In a major feat for a country plagued by unrest, the people of Central African Republic queued up to vote in key elections. ‘We are voting in dignity and peace and I am proud,’ the outgoing interim president said.
Voters in Central African Republic (CAR) cast their ballots in presidential and legislative elections on Wednesday, hoping for greater stability after years of violence.
They are choosing a president from a list of 30 candidates to replace interim President Catherine Samba-Panza, who was installed in office in January 2014. More than 1.8 million people are expected to vote at more than 500 polling stations nationwide.
Voters DW spoke to in the capital Bangui were cautiously optimistic. “In the Ngoussimon district everything is going well,” said Beyonze Felix. “We are awaiting the results and hope that they are good enough, so that Central Africans get what they have been waiting for – peace and social cohesion – for over two years.”
Lambo Frederic told DW “we want these elections to be credible. I’ve seen how keen everybody is to vote.”
Albert Zavonou said “we want peace in CAR so that our children can go to school, get on with their education and prepare for the future.”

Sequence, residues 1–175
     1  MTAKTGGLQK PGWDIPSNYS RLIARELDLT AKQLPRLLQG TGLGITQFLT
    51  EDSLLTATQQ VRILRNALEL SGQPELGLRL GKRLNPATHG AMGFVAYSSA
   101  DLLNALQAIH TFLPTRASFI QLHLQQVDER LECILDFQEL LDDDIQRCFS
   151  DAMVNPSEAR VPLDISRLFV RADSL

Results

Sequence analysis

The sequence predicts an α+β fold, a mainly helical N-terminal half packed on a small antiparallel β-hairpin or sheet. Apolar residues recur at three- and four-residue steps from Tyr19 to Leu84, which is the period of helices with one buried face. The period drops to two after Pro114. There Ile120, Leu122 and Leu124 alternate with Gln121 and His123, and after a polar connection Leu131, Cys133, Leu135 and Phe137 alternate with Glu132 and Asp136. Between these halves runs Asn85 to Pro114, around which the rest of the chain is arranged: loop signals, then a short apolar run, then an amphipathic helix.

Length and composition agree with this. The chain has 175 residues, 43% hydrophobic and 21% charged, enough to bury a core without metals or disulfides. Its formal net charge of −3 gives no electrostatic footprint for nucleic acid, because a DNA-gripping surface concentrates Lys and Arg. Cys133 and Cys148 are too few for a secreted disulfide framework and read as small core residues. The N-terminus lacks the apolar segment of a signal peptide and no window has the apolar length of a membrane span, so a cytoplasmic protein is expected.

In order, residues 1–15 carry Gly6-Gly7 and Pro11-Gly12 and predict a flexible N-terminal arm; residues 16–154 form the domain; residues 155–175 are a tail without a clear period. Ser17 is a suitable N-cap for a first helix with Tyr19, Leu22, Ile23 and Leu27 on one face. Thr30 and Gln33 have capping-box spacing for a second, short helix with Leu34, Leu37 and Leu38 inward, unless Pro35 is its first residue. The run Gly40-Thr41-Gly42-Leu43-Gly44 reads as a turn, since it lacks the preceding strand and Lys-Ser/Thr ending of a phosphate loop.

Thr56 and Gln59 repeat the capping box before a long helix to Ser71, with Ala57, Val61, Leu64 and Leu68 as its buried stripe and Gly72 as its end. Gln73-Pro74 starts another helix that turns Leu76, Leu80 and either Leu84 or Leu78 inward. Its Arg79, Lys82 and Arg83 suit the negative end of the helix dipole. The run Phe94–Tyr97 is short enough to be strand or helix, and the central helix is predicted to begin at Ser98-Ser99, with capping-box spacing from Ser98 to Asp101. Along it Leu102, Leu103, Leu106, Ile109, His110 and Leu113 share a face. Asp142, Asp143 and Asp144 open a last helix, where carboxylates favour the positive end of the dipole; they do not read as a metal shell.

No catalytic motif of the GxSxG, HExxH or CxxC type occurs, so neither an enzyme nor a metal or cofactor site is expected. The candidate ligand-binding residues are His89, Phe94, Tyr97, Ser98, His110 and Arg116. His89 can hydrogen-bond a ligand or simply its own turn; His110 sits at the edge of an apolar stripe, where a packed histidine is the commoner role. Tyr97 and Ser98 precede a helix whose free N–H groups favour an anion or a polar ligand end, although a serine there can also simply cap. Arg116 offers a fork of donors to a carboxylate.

A DW correspondent in Bangui, Katarina Höije, said voters were caught between hope and doubt when polling stations opened.
“There is the widespread belief that elections will bring peace and stability and end years of unrest and sectarian violence. However, the elections have been organized in less than perfect conditions,” she said.
Candidates’ names missing
Officials insisted they were doing their best. Parfait Onanga-Anyanga heads the 11,000 strong UN peacekeeping mission MINUSCA.
“Our goal is to do everything in our power to make sure the elections are credible and that as many people as possible can vote under the best conditions possible,” he said.
Voters stood patiently in line, some wearing colorful clothing, others hoisting parasols to ward off the hot sun.
There were a few problems, including reports of parliamentary candidates’ names missing from ballots. By mid-day there were no reports of violence.
Samba-Panza voted at a school in Bangui, urging others to get to the polls.
“Many thought this day, this vote would not be possible for security and organizational reasons. But, you see, we all are voting in dignity and peace and I am proud,” the outgoing interim president said.
Among the favored candidates are former prime ministers Martin Ziguele and Anicet Georges Dologuele, and Abdoul Karim Meckassoua, a former foreign minister under former President Francois Bozize.
CAR has been rocked by unrest since March 2013 when a largely Muslim alliance of rebel groups known as Seleka overthrew Bozize. The rebel leader left power in 2014 and a horrific backlash by the Christian anti-Balaka militia against Muslim civilians followed. Thousands were killed and sectarian violence has continued, displacing nearly 1 million people.
That elections are being held at all is being seen as major achievement for a nation which has delayed them several times this year. Preliminary results are expected in a few days time.
Jeff Murphy Barres in Bangui contributed to this report